Celebrity couple Mariel and Robin Padilla are being criticized by netizens on the microblogging site Twitter for possible violations of Comelec election rules.
Mariel posted a picture of her wearing a white shirt with a “Du30” print on Instagram while she was in a polling precinct, assisting people for the election.
Meanwhile, also on Instagram, Robin posted his ballot, clearly showing a few of the candidates he voted for in today's election – Davao City Mayor Rodrigo Duterte for President, and the AMIN partylist. In his caption, he endorsed the two and explained why he cast his votes for them.
Other reports of election violations have been announced on social media. A picture of Albay Governer Joey Salceda was taken. He is seen shading his votes in while wearing a white shirt with the name “POE” emblazoned on the front.
Pictures of celebrities Kathryn Bernardo and Daniel Padilla showing their ballots have also circulated on Facebook. Mike Acebedo Lopez, the poster of the pictures, also noted Kathryn wearing a RoRo baller while holding her ballot up in the picture. However, netizens believe that it is not a violation of Comelec rules, since the ballots they held were not shaded in yet.
Nevertheless, when it reached Comelec spokesperson James Jimenez, he posted a tweet saying that “Kathryn and Daniel and I need to talk #PiliPinas.”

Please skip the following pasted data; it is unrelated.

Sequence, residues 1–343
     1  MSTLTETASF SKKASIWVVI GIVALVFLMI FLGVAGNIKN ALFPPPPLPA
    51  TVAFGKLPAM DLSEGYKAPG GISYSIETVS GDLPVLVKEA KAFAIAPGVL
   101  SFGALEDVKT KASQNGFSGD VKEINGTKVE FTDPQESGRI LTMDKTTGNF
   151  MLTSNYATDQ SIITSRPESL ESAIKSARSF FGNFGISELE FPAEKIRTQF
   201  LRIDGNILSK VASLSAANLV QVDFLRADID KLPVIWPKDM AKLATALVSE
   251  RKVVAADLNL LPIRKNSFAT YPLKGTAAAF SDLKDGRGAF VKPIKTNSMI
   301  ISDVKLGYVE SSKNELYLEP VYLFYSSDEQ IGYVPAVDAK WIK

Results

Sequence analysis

He also called on to other voters “who willingly and obviously, very openly displayed their ballot. We need to talk.”
Jimenez explained that while “it’s legal to take photos of your blank ballot, once it is already filled out, you cannot take a picture of it, as such action is tantamount to making a carbon copy of it, which is prohibited.”
Violation of such carries a penalty of imprisonment lasting not less than one year, but not more than six years.
The post currently has around 43,000 reactions and has been shared 27,083 times already.
As of yesterday, campaigning for the election and the display of any campaign paraphernalia has been officially banned – especially any campaign materials in polling precincts. Voters are also banned from bringing their cellphones inside the polling places.